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Vail Symposium series focuses on stress management

Vail Symposium series focused on heart coherence and creativity

Bruce Cryer, cofounder of HeartMath, gave a series of workshops on dealing with stress and enhancing creativity Sept. 14-15 as part of the Vail Symposium.
Kimberly Nicoletti/Special to the Daily

When we get stressed, even if it’s as minor as an email, it results in a cascade of 1,400 biochemicals, like cortisol and adrenaline, designed to help us deal with a life-or-death threat. The problem is most stressors aren’t life or death, but the chemicals they release may be; they contribute to all kinds of conditions, from heart disease, cancer and diabetes to obesity and Alzheimer’s. The half-life of many of these chemicals, like cortisol, lasts six to eight hours, which is pretty significant.

“They age you and make it hard to sleep,” said Bruce Cryer, cofounder of HeartMath, a system of scientifically validated tools, techniques and behaviors to reduce stress, enhance performance, increase creativity and improve overall well-being.

Cryer presented a series of workshops Sept. 14-15 as part of the Vail Symposium’s consciousness series. On Sept. 14 at Donovan Pavilion, he reviewed tools to help people build adaptability, resilience and well-being in the face of ongoing uncertainty, which translates to stress. On Sept. 15, he taught a morning workshop on stress and techniques to deal with it, then led an afternoon session on unleashing creativity at Eagle River Presbyterian Church.



He began the workshop on Sept. 15 with a YouTube video called, “You see the world through how you feel,” which depicts cityscapes through the lens of stress followed by the same scenes as classical music lends a calm atmosphere to the previously perceived madness. His point: our experiences and perceptions affect how we feel.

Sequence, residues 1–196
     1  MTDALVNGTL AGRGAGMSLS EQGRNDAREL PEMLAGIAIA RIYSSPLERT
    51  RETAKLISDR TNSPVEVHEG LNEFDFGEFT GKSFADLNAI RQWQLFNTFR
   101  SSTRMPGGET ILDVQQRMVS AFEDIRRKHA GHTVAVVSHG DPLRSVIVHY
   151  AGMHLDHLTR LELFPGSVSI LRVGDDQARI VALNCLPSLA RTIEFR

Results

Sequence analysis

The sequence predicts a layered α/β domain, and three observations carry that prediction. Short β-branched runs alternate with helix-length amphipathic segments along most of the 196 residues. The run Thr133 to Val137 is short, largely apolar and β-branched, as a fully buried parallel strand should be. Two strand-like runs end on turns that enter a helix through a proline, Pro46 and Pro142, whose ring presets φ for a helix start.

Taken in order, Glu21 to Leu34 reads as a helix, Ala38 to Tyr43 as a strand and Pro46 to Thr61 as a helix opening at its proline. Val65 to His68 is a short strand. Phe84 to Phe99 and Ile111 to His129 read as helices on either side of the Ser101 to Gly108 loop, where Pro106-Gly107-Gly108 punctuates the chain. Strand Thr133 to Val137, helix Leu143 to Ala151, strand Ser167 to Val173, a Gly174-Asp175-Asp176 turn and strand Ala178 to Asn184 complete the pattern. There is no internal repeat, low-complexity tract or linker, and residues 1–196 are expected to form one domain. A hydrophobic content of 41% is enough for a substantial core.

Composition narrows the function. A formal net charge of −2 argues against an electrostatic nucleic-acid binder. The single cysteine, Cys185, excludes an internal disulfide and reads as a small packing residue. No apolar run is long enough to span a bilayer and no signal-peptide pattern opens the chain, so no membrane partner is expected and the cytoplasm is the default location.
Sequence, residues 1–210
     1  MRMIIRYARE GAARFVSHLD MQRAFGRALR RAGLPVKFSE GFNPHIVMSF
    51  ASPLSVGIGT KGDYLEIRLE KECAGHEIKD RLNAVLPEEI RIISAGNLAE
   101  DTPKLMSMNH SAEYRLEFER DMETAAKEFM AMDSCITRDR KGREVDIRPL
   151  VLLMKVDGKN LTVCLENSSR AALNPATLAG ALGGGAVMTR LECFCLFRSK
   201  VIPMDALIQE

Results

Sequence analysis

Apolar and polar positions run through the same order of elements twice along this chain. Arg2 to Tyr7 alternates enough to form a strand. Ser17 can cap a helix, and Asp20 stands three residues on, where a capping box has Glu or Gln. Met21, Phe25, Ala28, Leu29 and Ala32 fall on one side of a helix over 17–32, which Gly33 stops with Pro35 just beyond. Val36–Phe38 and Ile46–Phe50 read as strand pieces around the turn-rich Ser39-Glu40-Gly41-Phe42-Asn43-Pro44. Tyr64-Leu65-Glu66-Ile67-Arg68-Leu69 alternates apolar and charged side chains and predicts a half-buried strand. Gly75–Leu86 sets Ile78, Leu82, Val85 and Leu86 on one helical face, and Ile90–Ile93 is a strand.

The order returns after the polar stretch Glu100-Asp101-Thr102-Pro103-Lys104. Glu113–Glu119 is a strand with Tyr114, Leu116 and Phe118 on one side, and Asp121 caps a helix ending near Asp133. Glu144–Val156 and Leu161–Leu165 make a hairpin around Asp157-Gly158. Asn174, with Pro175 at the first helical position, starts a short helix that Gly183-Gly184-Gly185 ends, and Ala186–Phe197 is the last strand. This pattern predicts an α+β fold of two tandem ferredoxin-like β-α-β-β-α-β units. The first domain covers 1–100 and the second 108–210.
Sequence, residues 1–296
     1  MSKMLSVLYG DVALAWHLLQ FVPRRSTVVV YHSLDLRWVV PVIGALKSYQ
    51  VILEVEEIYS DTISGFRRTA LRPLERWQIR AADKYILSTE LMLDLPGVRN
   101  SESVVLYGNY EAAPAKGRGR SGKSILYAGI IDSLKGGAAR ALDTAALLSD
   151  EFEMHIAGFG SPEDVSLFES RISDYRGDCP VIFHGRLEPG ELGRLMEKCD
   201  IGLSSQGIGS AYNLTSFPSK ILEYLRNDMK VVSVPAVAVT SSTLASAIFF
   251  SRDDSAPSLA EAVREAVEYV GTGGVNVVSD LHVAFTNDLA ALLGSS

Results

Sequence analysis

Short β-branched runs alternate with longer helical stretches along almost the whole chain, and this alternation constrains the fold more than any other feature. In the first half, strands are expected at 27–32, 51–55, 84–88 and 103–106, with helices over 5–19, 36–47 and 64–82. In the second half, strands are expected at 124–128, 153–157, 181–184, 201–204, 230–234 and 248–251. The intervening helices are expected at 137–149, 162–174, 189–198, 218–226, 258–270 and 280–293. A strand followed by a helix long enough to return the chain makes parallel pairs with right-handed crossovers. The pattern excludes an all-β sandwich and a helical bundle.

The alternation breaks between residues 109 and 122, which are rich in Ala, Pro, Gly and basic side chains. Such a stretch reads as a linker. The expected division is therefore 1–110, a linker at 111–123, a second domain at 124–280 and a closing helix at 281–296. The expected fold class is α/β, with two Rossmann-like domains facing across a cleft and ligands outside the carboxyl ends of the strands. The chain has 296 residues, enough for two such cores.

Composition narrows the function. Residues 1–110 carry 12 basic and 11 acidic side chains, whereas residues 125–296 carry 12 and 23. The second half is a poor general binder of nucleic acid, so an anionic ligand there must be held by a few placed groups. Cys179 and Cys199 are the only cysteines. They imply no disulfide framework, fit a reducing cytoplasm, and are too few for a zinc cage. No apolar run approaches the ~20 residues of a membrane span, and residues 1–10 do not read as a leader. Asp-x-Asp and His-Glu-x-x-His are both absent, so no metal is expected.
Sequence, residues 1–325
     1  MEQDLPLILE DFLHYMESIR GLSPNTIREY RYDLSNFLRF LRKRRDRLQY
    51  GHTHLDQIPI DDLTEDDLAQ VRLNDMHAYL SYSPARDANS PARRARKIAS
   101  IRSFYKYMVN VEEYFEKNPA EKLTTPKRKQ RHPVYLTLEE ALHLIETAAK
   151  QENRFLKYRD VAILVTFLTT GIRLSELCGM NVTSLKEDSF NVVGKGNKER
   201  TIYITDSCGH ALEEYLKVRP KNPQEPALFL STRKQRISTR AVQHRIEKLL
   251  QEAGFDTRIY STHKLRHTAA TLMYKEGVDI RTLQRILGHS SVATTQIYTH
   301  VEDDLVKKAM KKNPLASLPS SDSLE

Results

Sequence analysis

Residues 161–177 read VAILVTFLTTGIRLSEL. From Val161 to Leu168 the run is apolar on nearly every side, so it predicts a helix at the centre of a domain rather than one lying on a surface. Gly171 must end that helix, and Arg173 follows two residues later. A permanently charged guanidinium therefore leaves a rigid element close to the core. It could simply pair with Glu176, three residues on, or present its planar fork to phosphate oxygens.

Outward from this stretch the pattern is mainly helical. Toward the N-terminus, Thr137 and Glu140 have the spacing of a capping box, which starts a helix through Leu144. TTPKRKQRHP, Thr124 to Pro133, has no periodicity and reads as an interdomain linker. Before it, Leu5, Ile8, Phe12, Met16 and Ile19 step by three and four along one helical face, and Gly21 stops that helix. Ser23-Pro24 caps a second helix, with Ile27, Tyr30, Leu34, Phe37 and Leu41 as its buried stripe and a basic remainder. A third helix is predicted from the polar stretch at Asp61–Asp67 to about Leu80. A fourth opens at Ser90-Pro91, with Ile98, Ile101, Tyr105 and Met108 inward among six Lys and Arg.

Cryer defined stress as an “emotional mismatch between expectations and reality,” which becomes problematic when it’s chronic, like the layers of stress we’ve collectively experienced in the past two years with the pandemic, inflation, climate change and conflicts.

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He reviewed studies as far back as WWII that showed how soldiers, when faced with challenges, reach peak efficiency, but as the difficulty stretches over time, hyper reactions lead to emotional exhaustion, which ultimately results in breakdown. He also went over Elizabeth Kübler Ross’ process of shock and recovery, which journeys through emotions like anger, fear and blame, goes into resistance then worry, bottoms out at depression and feelings of loss of control, and ultimately rises to exploration.

“You can get stuck in depression,” he said, “but if you’re willing to stay with life and move on, you go on to exploration.”

And he knows about moving through difficulty. After about a dozen years of being the CEO of HeartMath, he got cancer, got divorced, went through the death of a parent and battled a staph infection after hip replacement surgery. He ended up leaving his job and focusing on his creativity, or what makes his heart sing.



“Whenever you’re doing things that make your heart sing, it benefits your health and well-being,” he said during the afternoon session on creativity. “One of the fundamental things that needs to shift is how we associate creativity with artistic expression. Creativity is not just artistic expression. A relationship can be artistic, work can be artistic, family can be artistic. We are all made of creative energy. This energy inside us can play out in all different ways.”

But in order to be as creative as possible, it’s important to manage stress. That’s where heart meditation comes in.

During the morning session, Cryer encouraged participants to focus attention around their heart area, breathing in for 5 seconds and breathing out for 5 seconds while imagining the breath moving through the heart.